Parliamentary Control Over Executive

Parliamentary Control Over Executive


In a parliamentary democracy like India, the executive is a part of the legislature even though the three branches of government legislative, judicial, and executive are in theory separate. The Executive is still obligated to answer to Parliament. In addition to providing legal oversight of the executive branch, the job of the parliament is to exercise political and budgetary control over it. 

Parliamentary Control Over Executive: Administrative Control 

In general, Parliament stays out of administrative disputes but, if a policy was developed improperly, Parliament may ask questions.

Parliamentary Control Over Executive: Legislative Control 

The government is required to outline all of a law's contents and respond to questions from MPs after it is passed in Parliament. Therefore, it forbids the executive from acting arbitrarily.
Delegated legislation or subordinate legislation refers to the recent trend of legislators outsourcing some of the law-making process to the executives (Bureaucrats).
As a result, the Rajya Sabha Chairman promoted the concept of legislative impact assessment, which is the analysis of how a legislation (while being produced and implemented) affects society over time. 

Parliamentary Control Over Executive: Financial Control

The budget and financial bills of the government must be approved by both Houses.
The government is prohibited by Parliament from racking up excessive expenses.
The government is not permitted to take any money out of the consolidated fund without the consent of the legislature.

Parliamentary Control Over Executive: Representative Control

MPs speak for a variety of organizations. They act in the capacity of representatives by questioning the executives and therefore advancing the interests of their constituents.

Parliamentary Control Over Executive: Accountability of The Executive 

 parliamentary control in india
The full council of ministers is answerable to the Lok Sabha for every decision taken by any of the ministers. The Lok Sabha holds the minister directly responsible for the actions of his ministry.
If the minister's action is not approved by the Lok Sabha. Due to a shared duty, the entire cabinet must resign.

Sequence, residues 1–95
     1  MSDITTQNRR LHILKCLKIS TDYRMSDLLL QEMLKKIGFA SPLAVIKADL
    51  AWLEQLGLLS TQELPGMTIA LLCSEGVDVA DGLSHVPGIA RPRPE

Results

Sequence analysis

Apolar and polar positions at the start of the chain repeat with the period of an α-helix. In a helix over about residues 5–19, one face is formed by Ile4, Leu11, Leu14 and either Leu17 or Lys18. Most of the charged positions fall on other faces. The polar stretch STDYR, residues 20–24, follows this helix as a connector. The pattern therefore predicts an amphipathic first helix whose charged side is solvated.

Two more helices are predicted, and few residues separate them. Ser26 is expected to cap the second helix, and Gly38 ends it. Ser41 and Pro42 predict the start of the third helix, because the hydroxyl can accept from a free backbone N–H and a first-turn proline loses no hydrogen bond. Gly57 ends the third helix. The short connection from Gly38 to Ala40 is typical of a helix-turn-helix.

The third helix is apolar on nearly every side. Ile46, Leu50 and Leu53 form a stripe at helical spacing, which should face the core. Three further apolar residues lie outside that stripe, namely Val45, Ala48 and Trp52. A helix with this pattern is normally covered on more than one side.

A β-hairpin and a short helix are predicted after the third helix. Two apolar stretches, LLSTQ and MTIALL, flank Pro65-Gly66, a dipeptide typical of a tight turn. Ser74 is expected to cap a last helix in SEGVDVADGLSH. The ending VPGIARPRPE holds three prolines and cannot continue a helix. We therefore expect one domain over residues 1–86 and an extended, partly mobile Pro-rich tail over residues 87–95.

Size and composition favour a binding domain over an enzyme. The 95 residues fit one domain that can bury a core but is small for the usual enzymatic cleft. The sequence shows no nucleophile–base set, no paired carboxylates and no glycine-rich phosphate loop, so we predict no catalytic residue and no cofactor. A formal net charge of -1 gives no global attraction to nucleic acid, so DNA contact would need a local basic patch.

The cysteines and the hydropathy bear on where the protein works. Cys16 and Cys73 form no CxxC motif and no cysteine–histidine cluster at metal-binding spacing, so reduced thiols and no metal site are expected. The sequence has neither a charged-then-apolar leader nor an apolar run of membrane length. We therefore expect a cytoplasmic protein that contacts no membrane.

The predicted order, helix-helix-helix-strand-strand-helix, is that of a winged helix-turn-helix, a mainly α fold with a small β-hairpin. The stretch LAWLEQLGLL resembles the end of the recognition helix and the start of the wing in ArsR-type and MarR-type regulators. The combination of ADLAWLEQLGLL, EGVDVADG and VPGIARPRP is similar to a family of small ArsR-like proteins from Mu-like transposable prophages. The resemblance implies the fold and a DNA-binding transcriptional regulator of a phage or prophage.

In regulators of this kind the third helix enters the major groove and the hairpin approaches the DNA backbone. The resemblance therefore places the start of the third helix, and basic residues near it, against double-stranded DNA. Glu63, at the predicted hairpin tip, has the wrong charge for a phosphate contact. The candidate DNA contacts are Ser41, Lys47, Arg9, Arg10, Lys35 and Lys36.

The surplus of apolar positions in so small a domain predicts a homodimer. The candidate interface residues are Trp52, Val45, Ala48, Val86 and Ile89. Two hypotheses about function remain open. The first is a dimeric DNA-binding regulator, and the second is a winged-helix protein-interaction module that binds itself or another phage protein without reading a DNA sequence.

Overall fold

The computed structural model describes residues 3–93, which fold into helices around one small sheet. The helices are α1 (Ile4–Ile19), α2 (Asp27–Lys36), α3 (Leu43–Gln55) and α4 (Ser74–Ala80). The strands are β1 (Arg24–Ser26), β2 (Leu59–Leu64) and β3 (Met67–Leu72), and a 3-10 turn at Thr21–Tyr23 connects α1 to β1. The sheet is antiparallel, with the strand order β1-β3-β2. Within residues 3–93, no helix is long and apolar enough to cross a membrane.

The COM is jointly accountable to the Lok Sabha, according to Article 75.
Individual responsibility is another notion found in Article 75. According to this clause, the President may remove a minister at any moment, even though the COM has the support of the Lok Sabha. Ministers are said to serve at the pleasure of the President.


The control, however, is not working as well as it should. The following reasons can be used to explain this:
•    The volume and complexity of the administration have expanded, and the Parliament does not have the time or knowledge to manage it.
•    It is challenging for the Parliament to maintain financial control due to the technical nature of grant requests, which demand economic acumen. The bulk of demands are also executed via guillotine.
•    The Public Accounts Committee and other financial organizations only do post-facto audits, which means they examine expenditures after they have taken place.
•    As "delegated legislation" has grown in popularity, Parliament's ability to enact comprehensive law has been constrained while administrative power has increased.
•    The president's frequent issuance of decrees weakens the legislative authority of Parliament.
•    The lack of a vocal and persistent opposition in Parliament and a change in parliamentary behavior and ethics are further factors contributing to the ineffectiveness of legislative control over administration.


The Central Plan Schemes Monitoring System (CPSMS), formerly known as the Public Financial Management System (PFMS), was recently developed and implemented by the Office of Controller General of Accounts (CGA), Ministry of Finance. The efficient oversight of the executive by Parliament is essential for the smooth operation of the Indian political system. The efficiency of legislative control over the executive will be increased by taking actions like enhancing the image of parliament, increasing the caliber of members, strengthening the committee system, etc.

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